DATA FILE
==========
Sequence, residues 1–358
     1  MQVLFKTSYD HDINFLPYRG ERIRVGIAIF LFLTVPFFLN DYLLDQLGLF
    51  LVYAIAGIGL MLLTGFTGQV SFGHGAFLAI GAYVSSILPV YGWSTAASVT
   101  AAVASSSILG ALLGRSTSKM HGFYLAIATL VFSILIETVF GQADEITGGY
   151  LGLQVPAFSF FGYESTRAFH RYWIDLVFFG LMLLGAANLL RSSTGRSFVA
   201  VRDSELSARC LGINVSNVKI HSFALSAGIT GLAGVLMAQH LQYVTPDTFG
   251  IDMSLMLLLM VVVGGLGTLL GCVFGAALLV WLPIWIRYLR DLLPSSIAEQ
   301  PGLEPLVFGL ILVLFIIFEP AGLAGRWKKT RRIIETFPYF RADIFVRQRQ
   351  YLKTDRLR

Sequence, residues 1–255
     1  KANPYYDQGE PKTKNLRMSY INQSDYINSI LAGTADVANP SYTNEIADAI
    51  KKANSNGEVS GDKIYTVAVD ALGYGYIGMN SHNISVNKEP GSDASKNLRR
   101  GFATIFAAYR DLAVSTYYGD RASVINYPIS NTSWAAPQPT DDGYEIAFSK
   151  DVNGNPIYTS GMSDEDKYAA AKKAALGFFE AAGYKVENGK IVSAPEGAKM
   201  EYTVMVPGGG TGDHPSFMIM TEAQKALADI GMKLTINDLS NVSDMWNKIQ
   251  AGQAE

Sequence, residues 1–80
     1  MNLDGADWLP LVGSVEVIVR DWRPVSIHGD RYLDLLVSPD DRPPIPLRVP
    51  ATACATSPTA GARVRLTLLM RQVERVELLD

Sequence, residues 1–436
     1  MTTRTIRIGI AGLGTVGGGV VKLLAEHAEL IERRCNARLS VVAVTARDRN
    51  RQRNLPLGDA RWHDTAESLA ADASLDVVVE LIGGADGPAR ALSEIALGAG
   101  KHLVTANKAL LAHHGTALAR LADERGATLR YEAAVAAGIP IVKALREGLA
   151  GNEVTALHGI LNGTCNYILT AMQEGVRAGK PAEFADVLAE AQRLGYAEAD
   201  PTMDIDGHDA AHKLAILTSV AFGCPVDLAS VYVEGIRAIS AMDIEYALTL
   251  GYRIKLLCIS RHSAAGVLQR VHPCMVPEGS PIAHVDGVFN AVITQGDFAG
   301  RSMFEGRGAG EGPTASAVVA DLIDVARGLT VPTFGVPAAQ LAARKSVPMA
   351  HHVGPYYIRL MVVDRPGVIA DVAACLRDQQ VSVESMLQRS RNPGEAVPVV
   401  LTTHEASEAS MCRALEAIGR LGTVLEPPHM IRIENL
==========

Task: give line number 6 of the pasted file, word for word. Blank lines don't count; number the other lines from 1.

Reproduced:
   201  VRDSELSARC LGINVSNVKI HSFALSAGIT GLAGVLMAQH LQYVTPDTFG